Pinewood Derby set for Friday, Saturday

Cub Scouts from Ohio and West Virginia packs in the Two Chiefs District of the Ohio River Valley Council headquartered in Wheeling are gearing up for what is an annual tradition – the Pinewood Derby.

It will be held at the Fort Steuben Mall’s center court on Friday and Saturday and involve about 175 Tigers, Wolves, Bears and Webelos from 16 Cub Scout packs in the district, which includes New Manchester, Weirton, Follansbee and Wellsburg in West Virginia and Cadiz, Flushing, Freeport, Bloomingdale, Richmond, Wintersville, Steubenville, Toronto and Martins Ferry in Ohio.

Setup for the derby gets under way Friday afternoon, according to Joe Kovaleski, longtime Pinewood Derby chairman.

That will be done in time for races Friday that run from 6:30 p.m. to 9 p.m. – the adult races that are open to Boy Scouts or their family members or family members of Cub Scouts racing on Saturday.

The Friday night adult races have two classes and generally attract any where from 30 to 40 participants.

One class is the stock race, which Kovaleski said follows the same rules as the Cub Scouts’ Saturday races.

The other class is the hot rod class where two rules apply – a car has to weigh 5 ounces and follow specific dimensions.

Six trophies will be awarded in each of those classes Friday, according to Kovaleski.

“A lot of the Cub Scouts when they move up (to Boy Scouts), they are enthused yet from racing as Cub Scouts, so they will join in the adult race,” Kovaleski said.

The Friday races serve a dual purpose – not just fun for the competing adults, but a chance as well to test the tracks for the big Saturday racing event that gets under way at 9 a.m. and continue until 6 p.m.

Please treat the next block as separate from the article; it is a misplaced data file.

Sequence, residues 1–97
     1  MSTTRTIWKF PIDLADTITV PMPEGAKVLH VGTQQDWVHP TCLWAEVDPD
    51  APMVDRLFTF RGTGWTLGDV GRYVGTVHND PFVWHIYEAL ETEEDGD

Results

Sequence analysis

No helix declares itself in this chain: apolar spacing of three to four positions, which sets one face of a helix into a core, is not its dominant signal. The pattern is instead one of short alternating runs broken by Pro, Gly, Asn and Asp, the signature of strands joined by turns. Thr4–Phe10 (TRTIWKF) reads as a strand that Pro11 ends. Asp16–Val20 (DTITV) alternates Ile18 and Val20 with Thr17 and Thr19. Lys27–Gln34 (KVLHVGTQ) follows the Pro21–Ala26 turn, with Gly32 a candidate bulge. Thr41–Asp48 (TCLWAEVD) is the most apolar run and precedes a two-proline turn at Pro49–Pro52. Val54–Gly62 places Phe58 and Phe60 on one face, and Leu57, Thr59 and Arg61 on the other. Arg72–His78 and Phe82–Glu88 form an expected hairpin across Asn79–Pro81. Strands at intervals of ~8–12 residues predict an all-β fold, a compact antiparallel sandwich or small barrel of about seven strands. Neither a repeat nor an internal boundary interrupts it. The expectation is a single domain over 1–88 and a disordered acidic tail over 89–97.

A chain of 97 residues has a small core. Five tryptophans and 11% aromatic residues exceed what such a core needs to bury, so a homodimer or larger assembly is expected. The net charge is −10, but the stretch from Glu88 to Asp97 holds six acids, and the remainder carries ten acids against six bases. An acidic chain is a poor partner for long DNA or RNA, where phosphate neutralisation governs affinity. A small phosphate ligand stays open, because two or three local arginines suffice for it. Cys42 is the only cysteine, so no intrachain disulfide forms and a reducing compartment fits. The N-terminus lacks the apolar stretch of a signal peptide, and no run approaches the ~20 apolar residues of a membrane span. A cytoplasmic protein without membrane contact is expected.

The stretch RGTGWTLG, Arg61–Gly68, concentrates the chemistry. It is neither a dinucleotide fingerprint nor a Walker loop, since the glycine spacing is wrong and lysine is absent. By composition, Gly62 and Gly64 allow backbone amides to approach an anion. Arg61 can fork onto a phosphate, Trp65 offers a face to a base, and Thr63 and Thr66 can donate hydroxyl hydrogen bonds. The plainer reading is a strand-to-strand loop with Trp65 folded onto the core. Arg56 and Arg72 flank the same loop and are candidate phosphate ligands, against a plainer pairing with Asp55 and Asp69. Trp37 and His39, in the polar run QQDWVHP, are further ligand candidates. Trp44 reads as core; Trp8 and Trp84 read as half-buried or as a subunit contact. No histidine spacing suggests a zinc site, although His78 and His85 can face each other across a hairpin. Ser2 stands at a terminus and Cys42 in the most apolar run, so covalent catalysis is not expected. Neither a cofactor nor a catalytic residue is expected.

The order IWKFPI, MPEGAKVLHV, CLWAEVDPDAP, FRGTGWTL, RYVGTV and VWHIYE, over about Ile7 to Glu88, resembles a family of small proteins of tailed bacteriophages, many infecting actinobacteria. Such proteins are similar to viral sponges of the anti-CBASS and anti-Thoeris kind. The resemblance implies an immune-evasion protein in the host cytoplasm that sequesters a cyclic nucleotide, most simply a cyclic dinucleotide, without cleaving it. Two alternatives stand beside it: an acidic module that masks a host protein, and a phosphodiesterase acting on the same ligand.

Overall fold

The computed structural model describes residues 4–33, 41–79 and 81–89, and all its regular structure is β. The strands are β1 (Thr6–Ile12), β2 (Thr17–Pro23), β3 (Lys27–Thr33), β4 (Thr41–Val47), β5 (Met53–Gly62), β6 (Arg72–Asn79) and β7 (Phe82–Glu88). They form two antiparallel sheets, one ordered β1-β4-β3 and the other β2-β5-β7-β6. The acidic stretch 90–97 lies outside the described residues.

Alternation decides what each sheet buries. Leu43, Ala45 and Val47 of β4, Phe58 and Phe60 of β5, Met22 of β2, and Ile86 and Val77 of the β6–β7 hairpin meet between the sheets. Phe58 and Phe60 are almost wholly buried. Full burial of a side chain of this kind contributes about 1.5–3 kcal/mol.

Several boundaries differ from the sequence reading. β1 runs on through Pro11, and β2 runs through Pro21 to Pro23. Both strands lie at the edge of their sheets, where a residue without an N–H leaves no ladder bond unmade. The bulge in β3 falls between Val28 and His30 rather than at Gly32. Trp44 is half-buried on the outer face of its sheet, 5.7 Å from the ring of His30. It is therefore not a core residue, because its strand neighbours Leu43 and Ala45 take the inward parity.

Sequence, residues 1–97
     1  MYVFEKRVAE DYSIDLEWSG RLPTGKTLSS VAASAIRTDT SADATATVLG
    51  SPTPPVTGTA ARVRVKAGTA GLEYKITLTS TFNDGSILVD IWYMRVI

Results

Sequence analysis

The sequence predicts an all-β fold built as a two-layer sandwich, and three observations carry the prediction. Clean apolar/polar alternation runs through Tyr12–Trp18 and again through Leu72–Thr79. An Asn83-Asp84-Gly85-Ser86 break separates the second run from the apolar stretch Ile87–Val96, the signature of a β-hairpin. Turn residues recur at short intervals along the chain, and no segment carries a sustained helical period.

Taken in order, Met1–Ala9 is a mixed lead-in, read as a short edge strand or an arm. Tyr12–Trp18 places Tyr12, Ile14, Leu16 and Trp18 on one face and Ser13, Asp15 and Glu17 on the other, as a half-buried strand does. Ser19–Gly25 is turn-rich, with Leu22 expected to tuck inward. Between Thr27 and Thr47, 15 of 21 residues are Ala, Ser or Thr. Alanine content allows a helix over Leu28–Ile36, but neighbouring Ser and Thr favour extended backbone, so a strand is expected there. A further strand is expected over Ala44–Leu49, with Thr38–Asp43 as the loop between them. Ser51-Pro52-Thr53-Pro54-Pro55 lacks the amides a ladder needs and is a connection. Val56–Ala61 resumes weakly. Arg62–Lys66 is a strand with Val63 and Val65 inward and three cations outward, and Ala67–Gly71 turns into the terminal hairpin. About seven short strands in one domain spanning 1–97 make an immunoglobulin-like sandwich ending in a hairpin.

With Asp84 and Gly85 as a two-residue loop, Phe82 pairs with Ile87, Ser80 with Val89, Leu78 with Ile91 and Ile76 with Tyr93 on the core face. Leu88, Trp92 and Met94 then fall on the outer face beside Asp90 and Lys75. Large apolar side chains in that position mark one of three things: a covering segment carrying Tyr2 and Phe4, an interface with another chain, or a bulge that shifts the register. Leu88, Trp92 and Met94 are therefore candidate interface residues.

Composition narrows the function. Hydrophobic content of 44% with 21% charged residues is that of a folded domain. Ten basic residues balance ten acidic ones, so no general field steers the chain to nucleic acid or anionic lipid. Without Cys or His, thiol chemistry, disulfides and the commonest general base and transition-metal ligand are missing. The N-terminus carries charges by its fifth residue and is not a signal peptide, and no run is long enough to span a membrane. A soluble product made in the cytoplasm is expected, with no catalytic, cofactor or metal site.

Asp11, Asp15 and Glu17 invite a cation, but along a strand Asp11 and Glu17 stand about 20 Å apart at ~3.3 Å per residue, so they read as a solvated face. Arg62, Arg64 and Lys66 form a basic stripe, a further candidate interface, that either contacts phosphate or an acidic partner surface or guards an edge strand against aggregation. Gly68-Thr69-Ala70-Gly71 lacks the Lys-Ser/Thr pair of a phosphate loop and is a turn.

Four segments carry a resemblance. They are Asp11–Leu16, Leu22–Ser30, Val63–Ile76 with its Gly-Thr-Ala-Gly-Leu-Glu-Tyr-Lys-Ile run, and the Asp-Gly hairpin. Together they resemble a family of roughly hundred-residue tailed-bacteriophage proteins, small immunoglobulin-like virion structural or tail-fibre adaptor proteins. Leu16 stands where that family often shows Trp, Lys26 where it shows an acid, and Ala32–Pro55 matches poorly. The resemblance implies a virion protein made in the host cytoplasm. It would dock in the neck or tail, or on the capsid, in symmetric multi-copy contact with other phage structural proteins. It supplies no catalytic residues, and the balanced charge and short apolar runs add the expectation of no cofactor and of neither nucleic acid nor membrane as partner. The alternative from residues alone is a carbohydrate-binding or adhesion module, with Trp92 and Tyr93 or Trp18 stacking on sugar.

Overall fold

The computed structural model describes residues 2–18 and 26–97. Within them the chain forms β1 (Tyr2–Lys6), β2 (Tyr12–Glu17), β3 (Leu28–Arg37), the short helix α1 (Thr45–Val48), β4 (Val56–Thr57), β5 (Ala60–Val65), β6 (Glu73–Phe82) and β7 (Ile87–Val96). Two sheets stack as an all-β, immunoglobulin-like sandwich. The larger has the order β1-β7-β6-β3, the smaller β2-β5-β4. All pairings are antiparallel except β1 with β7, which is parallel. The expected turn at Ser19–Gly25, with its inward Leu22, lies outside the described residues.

“Usually we do preliminary heats all morning long and break for lunch, then run all of the final heats,” Kovaleski said of the Saturday schedule. With triple elimination the order of the day, the Cub Scouts in grades one through five get to race their cars “a good many times,” Kovaleski said.

“It makes for a little bit more fun,” he said.

Final races begin around 4 p.m. Saturday to ultimately produce the six final racers who are presented trophies. They also receive gift cards courtesy of the Fort Steuben Mall.

The Pinewood Derby has been a part of Kovaleski’s life for nearly 22 years, and he has served as event chairman for at least 20 of them.

The event has teaching value, he said.

“They learn what competition is all about,” Kovaleski said.

The Cub Scouts also learn how to build a car, working with the help of a parent. “There is usually a good eight hours’ worth of work that goes into it in most cases,” Kovaleski said.

Saturday’s events also will include a Scout show to showcase troops from around the area and their projects.

The first Pinewood Derby was held on May 15, 1953, in California, the brainchild of Donald Murphy, a Cubmaster looking for a wholesome, constructive activity that would foster a close father-son relationship and promote craftsmanship through competition. Today, more than 1 million Cub Scouts participate nationwide in Pinewood Derby competitions.